When Your Child Needs a Nasogastric (NG) TubeOutline of baby with head turned to side showing mouth, esophagus, stomach, nasal cavity, trachea (windpipe), and lungs. NG tube is inserted in nose, through esophagus, and into stomach.

If your child is having trouble swallowing food or liquids safely, the doctor may suggest tube feeding. Tube feeding is often done with a nasogastric (NG) tube. This is a soft, thin tube inserted through your child’s nose down into the stomach. It delivers liquid food directly to the stomach. This way, the food bypasses the mouth and esophagus (the food pipe from the throat to the stomach). Liquid food given through the NG tube is then digested as if it had been eaten normally.

Why an NG tube is used

An NG tube is often used if your child needs short-term help getting nutrients or medications. Your child may not be growing properly on regular food or may have trouble swallowing. An infection or recovery from surgery may mean your child can’t eat food for a short time. An NG tube may also be used in addition to regular feeding to supply extra nutrition.

Inserting the NG tube

  • The tube will be first inserted in the hospital. You’ll be shown how to insert, remove, and care for the NG tube at home.

  • You’ll be taught how to make sure the tube is inserted correctly every time you feed your child. See the tint box below for step-by-step instructions.

  • The tube will need to be replaced every 14 days.

  • Some parents find the NG tube unsightly at first. However, it shouldn’t be uncomfortable for your child. And you may find that it is easier to care for than you think.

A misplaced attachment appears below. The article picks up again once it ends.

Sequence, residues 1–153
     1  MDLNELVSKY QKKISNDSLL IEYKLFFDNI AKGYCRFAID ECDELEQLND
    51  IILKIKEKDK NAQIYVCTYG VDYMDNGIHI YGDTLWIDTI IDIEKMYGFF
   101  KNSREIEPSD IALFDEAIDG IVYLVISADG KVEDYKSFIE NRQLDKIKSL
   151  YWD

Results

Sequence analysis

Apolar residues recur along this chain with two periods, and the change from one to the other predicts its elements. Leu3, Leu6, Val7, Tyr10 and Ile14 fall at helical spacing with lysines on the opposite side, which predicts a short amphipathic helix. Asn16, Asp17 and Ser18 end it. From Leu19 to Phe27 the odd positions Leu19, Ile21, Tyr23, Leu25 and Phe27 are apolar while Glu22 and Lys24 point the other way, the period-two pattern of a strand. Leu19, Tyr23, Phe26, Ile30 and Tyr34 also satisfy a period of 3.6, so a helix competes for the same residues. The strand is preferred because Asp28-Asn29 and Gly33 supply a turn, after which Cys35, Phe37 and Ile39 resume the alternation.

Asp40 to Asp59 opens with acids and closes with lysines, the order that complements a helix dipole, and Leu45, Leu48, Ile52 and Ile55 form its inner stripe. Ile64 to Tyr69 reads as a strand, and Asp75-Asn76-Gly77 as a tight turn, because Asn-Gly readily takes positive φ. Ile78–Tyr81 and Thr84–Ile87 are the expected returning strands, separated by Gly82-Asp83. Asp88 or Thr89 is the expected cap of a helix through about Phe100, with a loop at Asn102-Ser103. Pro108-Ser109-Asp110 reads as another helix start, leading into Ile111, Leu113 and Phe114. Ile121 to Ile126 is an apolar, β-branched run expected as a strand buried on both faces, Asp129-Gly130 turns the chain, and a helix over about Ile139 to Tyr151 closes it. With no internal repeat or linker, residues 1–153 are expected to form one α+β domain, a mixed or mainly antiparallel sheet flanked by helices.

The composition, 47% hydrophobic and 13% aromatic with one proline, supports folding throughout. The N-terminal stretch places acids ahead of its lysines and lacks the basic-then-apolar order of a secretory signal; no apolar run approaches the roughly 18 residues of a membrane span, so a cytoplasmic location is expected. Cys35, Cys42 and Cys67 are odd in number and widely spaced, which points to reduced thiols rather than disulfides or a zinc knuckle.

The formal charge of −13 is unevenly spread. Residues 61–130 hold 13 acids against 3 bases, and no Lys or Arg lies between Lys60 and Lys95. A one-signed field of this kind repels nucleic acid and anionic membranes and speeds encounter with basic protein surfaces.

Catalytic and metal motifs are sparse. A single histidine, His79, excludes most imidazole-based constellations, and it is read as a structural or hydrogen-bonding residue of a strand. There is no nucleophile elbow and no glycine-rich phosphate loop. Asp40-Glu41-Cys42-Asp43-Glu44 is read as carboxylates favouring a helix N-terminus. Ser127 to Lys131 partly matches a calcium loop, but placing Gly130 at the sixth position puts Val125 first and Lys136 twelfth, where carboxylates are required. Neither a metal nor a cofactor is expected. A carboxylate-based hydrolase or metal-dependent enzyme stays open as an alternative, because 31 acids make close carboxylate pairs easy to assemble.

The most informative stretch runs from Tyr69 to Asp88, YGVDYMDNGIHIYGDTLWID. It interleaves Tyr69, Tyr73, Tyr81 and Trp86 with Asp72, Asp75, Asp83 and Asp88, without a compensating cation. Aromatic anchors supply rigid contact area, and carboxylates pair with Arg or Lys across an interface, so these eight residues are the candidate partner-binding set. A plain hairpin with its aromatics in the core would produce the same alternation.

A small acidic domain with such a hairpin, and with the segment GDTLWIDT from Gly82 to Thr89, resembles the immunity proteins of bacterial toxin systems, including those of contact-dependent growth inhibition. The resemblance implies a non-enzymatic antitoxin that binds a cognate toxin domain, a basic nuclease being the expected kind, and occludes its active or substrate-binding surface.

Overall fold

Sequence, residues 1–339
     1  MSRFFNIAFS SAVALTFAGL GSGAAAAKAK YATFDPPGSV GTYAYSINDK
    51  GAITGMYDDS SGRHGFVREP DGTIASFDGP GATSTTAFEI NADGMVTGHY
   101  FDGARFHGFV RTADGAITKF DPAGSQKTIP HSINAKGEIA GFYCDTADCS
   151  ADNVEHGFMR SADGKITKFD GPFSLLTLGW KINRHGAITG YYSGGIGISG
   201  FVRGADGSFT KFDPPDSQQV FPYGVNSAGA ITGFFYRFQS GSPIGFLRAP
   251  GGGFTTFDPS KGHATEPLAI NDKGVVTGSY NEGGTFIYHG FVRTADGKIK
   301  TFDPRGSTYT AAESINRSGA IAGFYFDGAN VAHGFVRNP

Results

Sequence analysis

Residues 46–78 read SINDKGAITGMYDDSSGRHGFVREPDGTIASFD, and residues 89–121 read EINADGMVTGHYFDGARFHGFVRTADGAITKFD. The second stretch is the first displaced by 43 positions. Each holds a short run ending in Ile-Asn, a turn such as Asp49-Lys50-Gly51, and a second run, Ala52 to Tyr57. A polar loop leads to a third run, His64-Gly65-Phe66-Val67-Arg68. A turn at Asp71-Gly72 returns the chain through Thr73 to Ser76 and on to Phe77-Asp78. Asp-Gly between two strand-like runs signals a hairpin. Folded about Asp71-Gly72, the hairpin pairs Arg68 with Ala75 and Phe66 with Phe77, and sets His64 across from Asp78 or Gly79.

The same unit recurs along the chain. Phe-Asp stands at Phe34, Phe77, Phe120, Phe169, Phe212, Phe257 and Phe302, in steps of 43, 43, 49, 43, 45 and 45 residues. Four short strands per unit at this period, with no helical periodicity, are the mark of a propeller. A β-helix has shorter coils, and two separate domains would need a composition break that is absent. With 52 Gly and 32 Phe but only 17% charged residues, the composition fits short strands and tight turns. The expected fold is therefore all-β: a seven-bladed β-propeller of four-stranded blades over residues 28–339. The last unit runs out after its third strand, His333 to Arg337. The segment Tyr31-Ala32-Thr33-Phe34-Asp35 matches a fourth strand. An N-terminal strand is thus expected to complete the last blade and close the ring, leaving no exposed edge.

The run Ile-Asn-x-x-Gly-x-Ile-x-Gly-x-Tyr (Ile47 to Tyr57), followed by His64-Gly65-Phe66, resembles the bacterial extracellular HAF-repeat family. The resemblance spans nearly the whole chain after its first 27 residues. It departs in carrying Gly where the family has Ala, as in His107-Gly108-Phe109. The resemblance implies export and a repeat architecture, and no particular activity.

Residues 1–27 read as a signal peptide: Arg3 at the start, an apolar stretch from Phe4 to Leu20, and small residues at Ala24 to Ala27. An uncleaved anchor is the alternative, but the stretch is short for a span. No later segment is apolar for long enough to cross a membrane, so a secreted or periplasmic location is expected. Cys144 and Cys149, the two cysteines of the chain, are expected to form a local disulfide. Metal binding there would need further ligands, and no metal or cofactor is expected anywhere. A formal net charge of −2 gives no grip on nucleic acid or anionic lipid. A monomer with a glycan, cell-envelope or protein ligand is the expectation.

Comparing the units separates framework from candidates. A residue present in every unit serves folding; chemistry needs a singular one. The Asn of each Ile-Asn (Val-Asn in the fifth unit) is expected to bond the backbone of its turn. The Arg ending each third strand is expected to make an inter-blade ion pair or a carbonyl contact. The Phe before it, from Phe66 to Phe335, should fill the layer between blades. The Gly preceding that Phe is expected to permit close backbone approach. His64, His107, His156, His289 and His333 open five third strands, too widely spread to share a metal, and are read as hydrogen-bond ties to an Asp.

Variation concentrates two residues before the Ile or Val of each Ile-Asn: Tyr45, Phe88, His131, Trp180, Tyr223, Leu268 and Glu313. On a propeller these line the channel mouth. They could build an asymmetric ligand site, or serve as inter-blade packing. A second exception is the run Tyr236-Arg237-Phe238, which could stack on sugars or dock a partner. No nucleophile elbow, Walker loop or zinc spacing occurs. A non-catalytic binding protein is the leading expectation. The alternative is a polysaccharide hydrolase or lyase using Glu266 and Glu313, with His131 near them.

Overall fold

Checking placement of the tube before feeding

Every time you feed your child, you’ll need to make sure the NG tube is in the proper place. The end of the tube must be in your child’s stomach, NOT in the lungs or throat. Perform this check before each feeding.


  • Syringe

  • pH testing strips


  • Wash your hands with soap and water.

  • Check for proper tube placement:

    • Attach the syringe to the end of the tube and make sure the other port of the tube is closed off.

    • Pull back on the plunger of the syringe to get stomach contents.

    • Check the pH using pH paper. Gastric (or stomach) pH should be 1 to 4 if your child is not on proton pump inhibitor or H2 receptor antagonist. Please discuss what medications your child is taking with his or her doctor.

    • Observe the color of the fluid. Gastric (stomach) pH should be 1 to 4 and look clear, or light yellow.

  • Remove the syringe from the feeding tube.

  • Tape the tube securely in place along your child’s nose or cheek (as you were shown in the hospital).

  • Wash the syringe out with soap and water and allow to dry.

  • Proceed with feeding as you have been instructed.

Note: If you are NOT SURE the tube is in the stomach, DON'T proceed with the feeding. Re-insert or advance the NG tube as you were instructed by the health care provider and REPEAT the steps to check for CORRECT placement. 

When to call the doctor

Call the doctor right away if you notice any of the following:

  • Choking

  • Trouble breathing during feeding or giving medication

  • Diarrhea or constipation

  • Vomiting

  • Bloating or rigid abdomen (belly feels hard when gently pressed)

  • Fever over 100.4°F (38.0°C)